Rumble Strip Vermont: A St. Johnsbury Veteran Tells His Story

Nov 11, 2015

Vaughn Hood was a 118-pound barber when he was drafted into the Vietnam War and he served as a combat soldier in from March 1969 to January 1970. And in Vaughn’s war, most men didn’t survive their first three-month tour. Now, he runs a hair salon in St. Johnsbury with his wife, Bev.

Listen to Rumble Strip Vermont's full interview with Vaughn Hood in the episode An American Life.

For a couple days, Erica Heilman sat and talked with Hood in the back of his salon for a long-form interview. In honor of Veterans Day, we present this excerpt of Vaughn Hood recalling his time in Vietnam:

On Hood's role in Vietnam

"Our job was search and make contact. If the intelligence had a report that there was a certain size unit in a certain area, they would fly us into the area and drop us off and let us walk around until we ran into that unit.

Judging by the weapons they fired at us, they could decide if it was indeed that size unit or not. So basically what we were sent in to do was to draw fire, and then we would get ourselves out the best we could and then move onto the next project."

On his leadership

"My men trusted me. I asked things of them that seem impossible, that they would do those things for you.

"Sometimes its give your life. I didn't feel particularly bad when people got killed. I mean, you'd feel bad but that's what we were there for. You had to be willing to die. Or not willing. It didn't matter. People did.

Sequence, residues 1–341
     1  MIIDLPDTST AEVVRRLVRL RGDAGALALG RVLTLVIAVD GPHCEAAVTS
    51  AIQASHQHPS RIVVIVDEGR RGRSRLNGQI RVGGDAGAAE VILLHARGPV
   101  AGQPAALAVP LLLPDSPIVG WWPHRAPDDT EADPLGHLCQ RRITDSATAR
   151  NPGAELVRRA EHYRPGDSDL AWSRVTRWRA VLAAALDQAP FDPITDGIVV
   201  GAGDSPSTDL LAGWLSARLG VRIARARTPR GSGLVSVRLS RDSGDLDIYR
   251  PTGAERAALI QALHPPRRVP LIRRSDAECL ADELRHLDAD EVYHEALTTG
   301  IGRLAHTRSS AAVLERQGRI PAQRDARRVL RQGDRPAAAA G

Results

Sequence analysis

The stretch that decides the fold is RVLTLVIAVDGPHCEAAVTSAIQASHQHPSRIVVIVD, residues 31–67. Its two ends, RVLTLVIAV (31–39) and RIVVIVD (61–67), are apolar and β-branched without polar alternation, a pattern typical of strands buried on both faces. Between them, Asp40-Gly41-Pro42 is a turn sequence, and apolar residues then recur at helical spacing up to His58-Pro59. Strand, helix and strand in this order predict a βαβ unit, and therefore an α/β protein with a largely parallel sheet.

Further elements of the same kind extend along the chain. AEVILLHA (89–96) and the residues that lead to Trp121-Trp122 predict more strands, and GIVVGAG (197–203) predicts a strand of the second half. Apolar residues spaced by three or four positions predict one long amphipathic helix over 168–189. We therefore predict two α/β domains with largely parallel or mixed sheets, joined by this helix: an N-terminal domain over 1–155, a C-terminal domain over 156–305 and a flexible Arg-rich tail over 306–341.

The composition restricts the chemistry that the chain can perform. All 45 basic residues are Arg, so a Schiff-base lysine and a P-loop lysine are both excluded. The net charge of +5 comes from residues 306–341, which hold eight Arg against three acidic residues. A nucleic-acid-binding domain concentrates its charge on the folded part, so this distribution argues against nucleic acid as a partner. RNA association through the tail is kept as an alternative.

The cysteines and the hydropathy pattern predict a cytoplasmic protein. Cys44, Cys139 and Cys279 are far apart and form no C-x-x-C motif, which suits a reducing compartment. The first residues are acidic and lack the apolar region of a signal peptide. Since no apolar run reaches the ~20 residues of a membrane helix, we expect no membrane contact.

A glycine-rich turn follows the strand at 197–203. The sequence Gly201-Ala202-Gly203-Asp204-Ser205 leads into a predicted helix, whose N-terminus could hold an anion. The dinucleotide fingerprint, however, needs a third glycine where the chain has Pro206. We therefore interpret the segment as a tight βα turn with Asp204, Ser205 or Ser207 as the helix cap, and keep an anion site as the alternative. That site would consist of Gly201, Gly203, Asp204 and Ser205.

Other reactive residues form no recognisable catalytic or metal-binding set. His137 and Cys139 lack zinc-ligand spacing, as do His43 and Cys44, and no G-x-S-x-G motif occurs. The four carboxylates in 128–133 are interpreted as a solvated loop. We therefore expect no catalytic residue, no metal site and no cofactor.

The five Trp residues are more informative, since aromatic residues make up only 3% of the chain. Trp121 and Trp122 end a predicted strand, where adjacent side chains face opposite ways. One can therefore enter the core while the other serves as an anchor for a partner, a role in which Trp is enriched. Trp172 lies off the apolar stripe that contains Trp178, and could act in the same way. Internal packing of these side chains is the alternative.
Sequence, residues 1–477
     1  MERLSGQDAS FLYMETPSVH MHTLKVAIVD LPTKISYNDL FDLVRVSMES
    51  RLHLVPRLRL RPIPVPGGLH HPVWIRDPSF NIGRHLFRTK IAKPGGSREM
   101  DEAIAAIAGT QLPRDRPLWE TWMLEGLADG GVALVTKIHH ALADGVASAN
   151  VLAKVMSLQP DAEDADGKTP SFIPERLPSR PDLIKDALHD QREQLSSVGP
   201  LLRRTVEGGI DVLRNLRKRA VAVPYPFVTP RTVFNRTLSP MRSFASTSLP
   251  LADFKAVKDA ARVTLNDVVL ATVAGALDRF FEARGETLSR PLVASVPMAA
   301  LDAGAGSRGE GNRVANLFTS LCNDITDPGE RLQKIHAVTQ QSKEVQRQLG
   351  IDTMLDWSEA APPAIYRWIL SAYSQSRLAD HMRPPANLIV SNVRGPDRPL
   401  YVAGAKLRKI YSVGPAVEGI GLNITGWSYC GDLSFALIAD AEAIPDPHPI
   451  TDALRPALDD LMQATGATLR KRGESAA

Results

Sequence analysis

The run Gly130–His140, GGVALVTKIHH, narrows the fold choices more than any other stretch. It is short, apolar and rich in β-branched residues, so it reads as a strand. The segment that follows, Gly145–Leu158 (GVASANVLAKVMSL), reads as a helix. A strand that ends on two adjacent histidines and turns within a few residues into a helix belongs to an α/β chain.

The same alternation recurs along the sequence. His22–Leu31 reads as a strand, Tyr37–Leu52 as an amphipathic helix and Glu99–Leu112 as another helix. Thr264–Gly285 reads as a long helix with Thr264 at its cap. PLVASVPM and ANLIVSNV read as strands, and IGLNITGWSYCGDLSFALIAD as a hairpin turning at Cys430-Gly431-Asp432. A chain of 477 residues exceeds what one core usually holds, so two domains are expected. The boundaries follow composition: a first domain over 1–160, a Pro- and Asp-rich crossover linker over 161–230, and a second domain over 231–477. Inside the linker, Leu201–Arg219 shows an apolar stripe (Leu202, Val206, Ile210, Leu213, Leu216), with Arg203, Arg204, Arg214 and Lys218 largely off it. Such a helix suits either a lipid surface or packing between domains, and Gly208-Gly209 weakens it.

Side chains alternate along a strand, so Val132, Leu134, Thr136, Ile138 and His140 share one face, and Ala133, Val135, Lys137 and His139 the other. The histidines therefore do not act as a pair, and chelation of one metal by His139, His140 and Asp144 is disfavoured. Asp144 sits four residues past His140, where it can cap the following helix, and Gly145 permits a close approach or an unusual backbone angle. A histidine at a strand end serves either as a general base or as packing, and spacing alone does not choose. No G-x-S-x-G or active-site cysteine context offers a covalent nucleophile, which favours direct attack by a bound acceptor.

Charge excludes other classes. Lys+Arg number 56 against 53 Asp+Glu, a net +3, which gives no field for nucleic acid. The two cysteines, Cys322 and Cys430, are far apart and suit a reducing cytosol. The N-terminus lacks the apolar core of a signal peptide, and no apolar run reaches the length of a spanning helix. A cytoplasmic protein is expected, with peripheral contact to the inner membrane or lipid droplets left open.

"What I felt bad about was people being maimed. When I gave an order and people were maimed...that really bothered me. And it still really bothers me, that they spent the rest of their lives maimed. They did that for me, and they did that for you, and they did that for everybody. They knew what they were doing.

"I lost one young man that I was close to. He was supposed to go back to the states to marry his fiancée. He only had a few days before he was going to go back. At that time I was a platoon sergeant rather than a squad leader, and I took him on as my radio telephone operator, so he was with me in the middle of the platoon rather than in the squad where he would be.

"My old squad walked into an ambush again. They were under heavy fire, and my RTO Jerry Klute, said, 'Sarge, I want to go help them.' I said, 'Jerry, you're your own man. If you want to go up there, go.'

"So he did. He just put his radio down and ran up there to help his squad. He was shot by a sniper, he didn't last five minutes. The squad called back and said Jerry was hit so I ran up and carried Jerry back and left him, then I ran back up. I had to get my men out. So I got them all out.

"He died under his own will. He wanted to go up, and I didn't stop him from going up. I could have — if I was a sergeant I could say, 'Oh no, he can't go up there.' He did what he wanted to do, and he died that way. I think it's extremely honorable. It brings tears to my eyes because he was a great man."

On the lingo

"We called ourselves grunts. When a grunt would run into another grunt you'd say, 'Hey man, what's happening?' and the response to that is, 'Hey man, it don't mean nothing. It don't mean nothing man.' That was our 'Hello, how are you?'"